• HCAs are responsible for removing any unnecessary communication barriers and taking active steps to increase engagement with industry, including large and small businesses. In addition, HCAs will take full advantage of OFPP's Community of Practice (CoP) on this subject to leverage successful practices

Acquisition Career Managers (ACMs)

  • These individuals are responsible for providing P/PMs, COs, CSs, and CORs training opportunities that strengthen vendor engagement; and develop a better understanding of permissible communications

Office of small and Disadvantaged Business Utilization (OSDBU)

  • OSDBU is responsible for maximizing contracting opportunities for small business concerns, promoting market research, and where applicable, providing assistance to STAFFDIVs/OPDIVs in reaching out to the small business community, and reviewing and approving HHS Form 653s - Small Business Review Forms
  • Understanding the agency procurement forecast and where to find it in order to discuss related vendor inquiries
  • Using the Small Business Central Event Listing at Government wide Point of Entry (GPE)to publicize outreach events, as appropriate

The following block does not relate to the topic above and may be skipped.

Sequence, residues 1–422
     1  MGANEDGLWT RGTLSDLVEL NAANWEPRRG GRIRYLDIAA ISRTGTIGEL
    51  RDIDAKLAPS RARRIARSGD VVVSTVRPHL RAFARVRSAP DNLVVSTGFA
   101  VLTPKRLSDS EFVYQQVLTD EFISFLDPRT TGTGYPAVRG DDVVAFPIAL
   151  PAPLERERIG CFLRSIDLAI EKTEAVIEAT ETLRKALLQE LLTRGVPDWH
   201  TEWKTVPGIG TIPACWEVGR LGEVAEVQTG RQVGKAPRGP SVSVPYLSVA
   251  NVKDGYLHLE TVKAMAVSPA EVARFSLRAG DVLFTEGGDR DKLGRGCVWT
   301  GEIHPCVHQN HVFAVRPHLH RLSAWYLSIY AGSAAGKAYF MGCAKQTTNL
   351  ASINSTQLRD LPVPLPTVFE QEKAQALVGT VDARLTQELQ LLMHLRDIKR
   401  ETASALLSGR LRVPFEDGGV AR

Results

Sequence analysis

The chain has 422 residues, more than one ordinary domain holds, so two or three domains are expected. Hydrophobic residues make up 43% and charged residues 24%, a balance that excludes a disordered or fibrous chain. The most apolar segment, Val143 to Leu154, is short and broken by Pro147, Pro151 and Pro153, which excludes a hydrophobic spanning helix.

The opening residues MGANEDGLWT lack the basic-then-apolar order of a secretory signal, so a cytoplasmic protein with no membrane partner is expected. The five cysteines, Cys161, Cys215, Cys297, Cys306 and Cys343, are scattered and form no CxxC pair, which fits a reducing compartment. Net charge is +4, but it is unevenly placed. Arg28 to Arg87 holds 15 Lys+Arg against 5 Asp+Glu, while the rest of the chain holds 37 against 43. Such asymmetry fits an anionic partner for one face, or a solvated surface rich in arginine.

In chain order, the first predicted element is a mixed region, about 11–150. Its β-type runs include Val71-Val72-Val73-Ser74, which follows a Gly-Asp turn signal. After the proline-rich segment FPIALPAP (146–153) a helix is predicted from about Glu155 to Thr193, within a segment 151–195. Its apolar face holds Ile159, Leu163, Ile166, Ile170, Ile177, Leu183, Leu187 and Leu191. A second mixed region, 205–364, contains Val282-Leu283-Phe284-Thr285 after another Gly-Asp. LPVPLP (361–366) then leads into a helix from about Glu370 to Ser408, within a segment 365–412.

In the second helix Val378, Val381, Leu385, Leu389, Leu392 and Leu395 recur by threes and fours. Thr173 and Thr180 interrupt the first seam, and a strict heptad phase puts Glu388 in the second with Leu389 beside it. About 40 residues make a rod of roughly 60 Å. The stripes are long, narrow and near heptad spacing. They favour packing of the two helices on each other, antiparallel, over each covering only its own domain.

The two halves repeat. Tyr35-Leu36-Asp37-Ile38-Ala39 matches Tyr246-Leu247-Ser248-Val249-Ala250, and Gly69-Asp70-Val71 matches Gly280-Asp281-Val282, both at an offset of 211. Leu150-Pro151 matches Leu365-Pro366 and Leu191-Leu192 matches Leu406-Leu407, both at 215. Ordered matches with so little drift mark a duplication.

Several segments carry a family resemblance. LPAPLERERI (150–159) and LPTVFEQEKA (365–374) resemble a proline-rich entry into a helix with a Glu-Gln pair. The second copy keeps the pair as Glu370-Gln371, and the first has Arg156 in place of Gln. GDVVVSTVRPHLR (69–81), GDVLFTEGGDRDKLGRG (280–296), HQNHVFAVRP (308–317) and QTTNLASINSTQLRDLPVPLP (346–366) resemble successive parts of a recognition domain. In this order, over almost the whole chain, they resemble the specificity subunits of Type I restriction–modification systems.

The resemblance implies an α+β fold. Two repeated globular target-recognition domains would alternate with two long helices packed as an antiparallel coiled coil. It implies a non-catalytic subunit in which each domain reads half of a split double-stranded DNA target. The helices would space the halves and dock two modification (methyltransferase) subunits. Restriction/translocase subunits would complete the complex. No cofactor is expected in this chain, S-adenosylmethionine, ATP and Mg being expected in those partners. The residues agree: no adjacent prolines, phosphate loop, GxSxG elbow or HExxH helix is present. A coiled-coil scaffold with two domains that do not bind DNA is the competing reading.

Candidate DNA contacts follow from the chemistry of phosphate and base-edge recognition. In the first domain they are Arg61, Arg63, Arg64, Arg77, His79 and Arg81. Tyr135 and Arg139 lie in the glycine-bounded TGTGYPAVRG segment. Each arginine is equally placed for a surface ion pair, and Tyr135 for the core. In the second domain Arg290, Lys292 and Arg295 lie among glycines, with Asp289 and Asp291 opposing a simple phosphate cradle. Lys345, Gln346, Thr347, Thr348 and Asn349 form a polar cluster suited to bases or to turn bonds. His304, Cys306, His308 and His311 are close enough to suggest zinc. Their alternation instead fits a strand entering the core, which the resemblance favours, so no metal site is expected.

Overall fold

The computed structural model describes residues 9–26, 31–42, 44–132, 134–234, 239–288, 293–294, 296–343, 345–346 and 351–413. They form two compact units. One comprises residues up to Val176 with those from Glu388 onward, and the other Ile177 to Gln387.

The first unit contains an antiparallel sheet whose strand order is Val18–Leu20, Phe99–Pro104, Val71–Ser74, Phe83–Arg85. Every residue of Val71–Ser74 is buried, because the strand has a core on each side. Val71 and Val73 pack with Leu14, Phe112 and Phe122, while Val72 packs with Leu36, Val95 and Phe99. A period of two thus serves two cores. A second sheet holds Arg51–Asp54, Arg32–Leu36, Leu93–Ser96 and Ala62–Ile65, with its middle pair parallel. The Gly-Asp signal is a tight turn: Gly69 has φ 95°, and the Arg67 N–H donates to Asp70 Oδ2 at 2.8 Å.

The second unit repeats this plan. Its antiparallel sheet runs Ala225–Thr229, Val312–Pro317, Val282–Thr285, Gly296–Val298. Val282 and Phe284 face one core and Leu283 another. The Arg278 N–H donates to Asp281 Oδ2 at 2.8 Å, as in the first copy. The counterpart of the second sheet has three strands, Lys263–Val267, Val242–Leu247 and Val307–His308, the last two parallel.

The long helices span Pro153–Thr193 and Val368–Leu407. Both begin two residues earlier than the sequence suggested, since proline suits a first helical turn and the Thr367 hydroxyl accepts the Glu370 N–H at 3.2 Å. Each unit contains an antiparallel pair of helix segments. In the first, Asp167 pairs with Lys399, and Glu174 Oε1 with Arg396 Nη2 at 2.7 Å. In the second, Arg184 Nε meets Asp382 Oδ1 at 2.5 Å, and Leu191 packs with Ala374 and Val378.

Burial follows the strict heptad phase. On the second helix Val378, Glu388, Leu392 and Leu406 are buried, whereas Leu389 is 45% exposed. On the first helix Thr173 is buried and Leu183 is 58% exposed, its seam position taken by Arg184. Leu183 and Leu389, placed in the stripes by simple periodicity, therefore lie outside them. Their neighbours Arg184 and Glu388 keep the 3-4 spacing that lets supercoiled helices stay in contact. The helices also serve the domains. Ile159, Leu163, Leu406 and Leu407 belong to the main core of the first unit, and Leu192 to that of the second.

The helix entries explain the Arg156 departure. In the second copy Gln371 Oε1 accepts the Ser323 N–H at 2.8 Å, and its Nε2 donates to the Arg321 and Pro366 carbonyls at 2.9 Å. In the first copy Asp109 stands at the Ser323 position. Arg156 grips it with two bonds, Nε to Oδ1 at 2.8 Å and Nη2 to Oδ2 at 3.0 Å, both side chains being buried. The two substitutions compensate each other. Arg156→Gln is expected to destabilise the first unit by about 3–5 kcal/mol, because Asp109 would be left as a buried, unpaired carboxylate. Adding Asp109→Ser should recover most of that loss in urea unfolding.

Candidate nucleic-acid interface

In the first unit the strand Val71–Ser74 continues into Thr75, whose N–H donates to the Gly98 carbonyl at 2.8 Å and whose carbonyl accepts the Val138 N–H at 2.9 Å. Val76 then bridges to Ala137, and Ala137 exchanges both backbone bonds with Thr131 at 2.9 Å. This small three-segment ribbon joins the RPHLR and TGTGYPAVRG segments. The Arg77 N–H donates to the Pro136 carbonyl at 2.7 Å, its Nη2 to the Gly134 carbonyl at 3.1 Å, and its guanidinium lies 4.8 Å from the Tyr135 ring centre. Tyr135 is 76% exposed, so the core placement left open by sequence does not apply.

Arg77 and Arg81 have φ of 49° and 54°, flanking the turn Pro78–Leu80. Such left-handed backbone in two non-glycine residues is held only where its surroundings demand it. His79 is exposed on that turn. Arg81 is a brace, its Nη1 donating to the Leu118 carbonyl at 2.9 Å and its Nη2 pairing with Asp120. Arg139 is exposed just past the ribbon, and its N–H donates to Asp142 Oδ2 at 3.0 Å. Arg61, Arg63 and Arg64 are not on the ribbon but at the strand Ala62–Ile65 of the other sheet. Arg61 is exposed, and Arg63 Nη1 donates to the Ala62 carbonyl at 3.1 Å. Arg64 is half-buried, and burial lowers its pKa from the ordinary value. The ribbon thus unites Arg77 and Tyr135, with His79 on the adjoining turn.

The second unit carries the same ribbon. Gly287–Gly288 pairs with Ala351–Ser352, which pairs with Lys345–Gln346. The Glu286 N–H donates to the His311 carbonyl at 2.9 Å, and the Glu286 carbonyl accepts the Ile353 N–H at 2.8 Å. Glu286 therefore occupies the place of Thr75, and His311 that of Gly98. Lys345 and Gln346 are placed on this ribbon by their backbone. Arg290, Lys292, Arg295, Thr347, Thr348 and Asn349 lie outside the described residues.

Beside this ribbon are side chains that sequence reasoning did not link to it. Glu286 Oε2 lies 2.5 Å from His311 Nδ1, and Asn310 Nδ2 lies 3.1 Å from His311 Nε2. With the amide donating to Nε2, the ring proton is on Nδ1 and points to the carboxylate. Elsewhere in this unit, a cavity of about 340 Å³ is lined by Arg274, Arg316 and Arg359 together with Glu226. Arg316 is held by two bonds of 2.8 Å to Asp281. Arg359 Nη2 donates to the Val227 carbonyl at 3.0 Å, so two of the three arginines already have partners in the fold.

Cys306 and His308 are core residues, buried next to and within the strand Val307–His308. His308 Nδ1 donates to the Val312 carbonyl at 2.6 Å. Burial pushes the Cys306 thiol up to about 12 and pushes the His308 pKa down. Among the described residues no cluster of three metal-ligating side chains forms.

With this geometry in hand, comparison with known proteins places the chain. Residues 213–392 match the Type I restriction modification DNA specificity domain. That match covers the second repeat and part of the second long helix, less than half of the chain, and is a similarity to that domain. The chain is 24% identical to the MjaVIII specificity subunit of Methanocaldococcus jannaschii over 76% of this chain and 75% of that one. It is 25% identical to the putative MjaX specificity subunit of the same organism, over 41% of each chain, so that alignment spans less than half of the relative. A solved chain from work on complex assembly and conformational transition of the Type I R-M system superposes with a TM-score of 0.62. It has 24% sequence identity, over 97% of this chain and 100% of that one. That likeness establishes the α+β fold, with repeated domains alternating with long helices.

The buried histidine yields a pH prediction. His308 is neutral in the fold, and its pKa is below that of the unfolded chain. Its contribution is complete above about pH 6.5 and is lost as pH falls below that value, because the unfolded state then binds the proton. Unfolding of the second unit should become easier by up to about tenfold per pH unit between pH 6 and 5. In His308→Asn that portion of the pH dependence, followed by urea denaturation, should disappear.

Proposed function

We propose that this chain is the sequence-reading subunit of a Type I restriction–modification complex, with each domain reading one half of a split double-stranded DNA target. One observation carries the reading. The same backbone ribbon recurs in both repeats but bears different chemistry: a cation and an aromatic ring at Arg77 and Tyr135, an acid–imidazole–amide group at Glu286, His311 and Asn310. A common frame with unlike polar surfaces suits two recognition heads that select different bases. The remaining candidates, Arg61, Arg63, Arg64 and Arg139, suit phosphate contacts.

Competition Advocate

  • These individuals are responsible for promoting competition by encouraging industry outreach

Chief Information Officers (CIOs) and Chief Technology Officers (CTOs)

  • These individuals may recommend ways to use new social media and collaborative technologies to increase vendor outreach and assist the acquisition community in developing pertinent rules and record keeping

K. Training and Awareness Efforts for Government Employees and Contractors

HHS supports STAFFDIV/OPDIV use of the following mechanisms to implement training and awareness efforts for government employees and contractors:

  1. Web-based training modules and classroom training programs on permissible exchanges with industry;
  2. Informal onsite training sessions (e.g., brown-bag lunch seminars; town hall meetings) to discuss exchanges with industry; and
  3. Desk references and job aids that provide information on industry engagement

HHS will distribute its Vendor Communication Plan to the acquisition community, to include the STAFFDIVs/OPDIVs for distribution to their acquisition professionals.